Aerosol characteristics and particle production in the upper troposphere over the Amazon Basin

Meinrat O. Andreae, Armin Afchine, Rachel Albrecht, Bruna Amorim Holanda, Paulo Artaxo, Henrique M. J. Barbosa, Stephan Bormann, Micael A. Cecchini, Anja Costa, Maximilian Dollner, Daniel Fütterer, Emma Järvinen (+26 others)
2017 Atmospheric Chemistry and Physics Discussions  
Airborne observations over the Amazon Basin showed high aerosol particle concentrations in the upper troposphere (UT) between 8 and 15 km altitude, with number densities (normalized to standard temperature and pressure) often exceeding those in the planetary boundary layer (PBL) by one or two orders of magnitude. The measurements were made during the German-Brazilian cooperative aircraft campaign ACRIDICON-CHUVA on the German High Altitude and Long Range Research Aircraft (HALO). The
more » ... ircraft (HALO). The campaign took place in September/October 2014, with the objective of studying tropical deep convective clouds over the Amazon rainforest and their interactions with atmospheric trace gases, aerosol particles, and atmospheric radiation. <br><br> Aerosol enhancements were observed consistently on all flights during which the UT was probed, using several aerosol metrics, including condensation nuclei (CN) and cloud condensation nuclei (CCN) number concentrations and chemical species mass concentrations. The UT particles differed in their chemical composition and size distribution from those in the PBL, ruling out convective transport of combustion-derived particles from the BL as a source. The air in the immediate outflow of deep convective clouds was depleted in aerosol particles, whereas strongly enhanced number concentrations of small particles (<&amp;thinsp;90&amp;thinsp;nm diameter) were found in UT regions that had experienced outflow from deep convection in the preceding 5&amp;ndash;72 hours. We also found elevated concentrations of larger (>&amp;thinsp;90&amp;thinsp;nm) particles in the UT, which consisted mostly of organic matter and nitrate and were very effective CCN. <br><br> Our findings suggest a conceptual model, where production of new aerosol particles takes place in the UT from volatile material brought up by deep convection, which is converted to condensable species in the UT. Subsequently, downward mixing and transport of upper tropospheric aerosol can be a source of particles to the PBL, where they increase in size by the condensation of biogenic volatile organic carbon (BVOC) oxidation products. This may be an important source of aerosol particles in the Amazonian PBL, where aerosol nucleation and new particle formation has not been observed. We propose that this may have been the dominant process supplying secondary aerosol particles in the pristine atmosphere, making clouds the dominant control of both removal and production of atmospheric particles.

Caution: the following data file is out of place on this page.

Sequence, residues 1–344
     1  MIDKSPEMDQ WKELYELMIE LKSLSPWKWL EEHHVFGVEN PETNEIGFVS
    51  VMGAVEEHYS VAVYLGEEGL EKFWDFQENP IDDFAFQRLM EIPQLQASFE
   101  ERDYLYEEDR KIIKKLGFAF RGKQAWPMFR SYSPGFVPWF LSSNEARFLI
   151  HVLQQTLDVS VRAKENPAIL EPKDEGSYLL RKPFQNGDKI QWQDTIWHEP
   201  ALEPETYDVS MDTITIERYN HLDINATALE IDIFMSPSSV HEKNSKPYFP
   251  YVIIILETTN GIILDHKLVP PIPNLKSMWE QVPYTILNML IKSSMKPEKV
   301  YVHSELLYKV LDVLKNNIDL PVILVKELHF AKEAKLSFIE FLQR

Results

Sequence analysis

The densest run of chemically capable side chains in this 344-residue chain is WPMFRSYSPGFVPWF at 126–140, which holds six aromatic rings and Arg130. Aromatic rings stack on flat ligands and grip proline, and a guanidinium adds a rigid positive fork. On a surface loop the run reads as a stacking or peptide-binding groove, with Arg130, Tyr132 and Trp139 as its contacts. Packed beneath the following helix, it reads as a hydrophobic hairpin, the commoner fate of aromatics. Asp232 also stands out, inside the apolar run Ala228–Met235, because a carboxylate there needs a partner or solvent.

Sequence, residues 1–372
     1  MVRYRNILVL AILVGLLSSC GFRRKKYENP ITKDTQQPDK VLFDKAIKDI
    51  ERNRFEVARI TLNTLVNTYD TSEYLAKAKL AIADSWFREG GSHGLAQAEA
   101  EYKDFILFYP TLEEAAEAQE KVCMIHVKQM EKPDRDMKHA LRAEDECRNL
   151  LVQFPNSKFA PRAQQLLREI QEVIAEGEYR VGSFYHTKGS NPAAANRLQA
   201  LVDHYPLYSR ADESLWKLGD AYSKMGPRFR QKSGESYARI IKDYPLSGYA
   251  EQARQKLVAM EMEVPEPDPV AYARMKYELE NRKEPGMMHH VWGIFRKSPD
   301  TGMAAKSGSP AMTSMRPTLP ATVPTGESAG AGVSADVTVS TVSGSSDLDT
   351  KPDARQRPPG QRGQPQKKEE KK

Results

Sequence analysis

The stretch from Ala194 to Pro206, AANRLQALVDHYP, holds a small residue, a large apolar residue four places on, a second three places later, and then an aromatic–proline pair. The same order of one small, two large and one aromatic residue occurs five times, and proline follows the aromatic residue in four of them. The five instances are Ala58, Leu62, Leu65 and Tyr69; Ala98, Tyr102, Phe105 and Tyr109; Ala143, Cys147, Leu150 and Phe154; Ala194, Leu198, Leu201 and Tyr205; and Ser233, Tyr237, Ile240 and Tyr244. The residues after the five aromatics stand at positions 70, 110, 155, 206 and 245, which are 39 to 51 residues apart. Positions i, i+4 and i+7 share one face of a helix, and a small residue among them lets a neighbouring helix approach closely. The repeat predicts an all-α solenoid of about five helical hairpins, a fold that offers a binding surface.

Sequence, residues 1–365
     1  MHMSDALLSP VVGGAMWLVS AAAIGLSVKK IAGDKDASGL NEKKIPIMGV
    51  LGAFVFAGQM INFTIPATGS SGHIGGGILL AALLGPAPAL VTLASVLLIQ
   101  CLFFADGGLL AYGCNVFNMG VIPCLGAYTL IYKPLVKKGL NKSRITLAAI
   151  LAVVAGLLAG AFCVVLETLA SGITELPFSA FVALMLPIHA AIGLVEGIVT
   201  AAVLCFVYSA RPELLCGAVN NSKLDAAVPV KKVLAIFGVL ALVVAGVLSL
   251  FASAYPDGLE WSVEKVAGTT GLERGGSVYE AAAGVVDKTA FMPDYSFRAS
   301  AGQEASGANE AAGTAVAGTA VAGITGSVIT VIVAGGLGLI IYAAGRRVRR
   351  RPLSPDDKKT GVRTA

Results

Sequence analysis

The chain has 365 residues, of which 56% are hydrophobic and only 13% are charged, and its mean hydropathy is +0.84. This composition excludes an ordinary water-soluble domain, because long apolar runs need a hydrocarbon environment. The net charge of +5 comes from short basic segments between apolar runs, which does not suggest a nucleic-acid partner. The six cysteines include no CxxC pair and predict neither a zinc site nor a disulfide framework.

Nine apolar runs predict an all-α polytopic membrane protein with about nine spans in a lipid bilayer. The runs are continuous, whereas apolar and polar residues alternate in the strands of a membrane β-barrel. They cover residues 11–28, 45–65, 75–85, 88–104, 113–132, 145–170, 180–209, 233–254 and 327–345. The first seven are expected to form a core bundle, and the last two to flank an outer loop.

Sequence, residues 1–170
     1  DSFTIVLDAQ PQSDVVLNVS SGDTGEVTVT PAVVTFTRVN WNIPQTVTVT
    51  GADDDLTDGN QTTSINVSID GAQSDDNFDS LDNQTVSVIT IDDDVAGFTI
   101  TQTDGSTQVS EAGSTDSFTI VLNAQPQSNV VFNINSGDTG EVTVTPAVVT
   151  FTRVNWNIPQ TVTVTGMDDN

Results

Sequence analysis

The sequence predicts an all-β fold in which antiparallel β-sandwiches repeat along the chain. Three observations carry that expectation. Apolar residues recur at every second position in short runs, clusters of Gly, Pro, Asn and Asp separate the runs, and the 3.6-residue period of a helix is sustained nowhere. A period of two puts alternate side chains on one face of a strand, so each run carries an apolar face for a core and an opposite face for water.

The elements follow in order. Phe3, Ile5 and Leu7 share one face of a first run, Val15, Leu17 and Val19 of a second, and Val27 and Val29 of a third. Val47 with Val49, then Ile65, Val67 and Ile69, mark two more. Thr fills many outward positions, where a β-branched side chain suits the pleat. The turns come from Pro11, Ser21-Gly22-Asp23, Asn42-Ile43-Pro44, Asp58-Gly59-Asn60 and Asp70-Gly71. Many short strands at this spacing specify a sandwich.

doi:10.5194/acp-2017-694 fatcat:5lc7lvk23jcjhkvtwadm4hcicy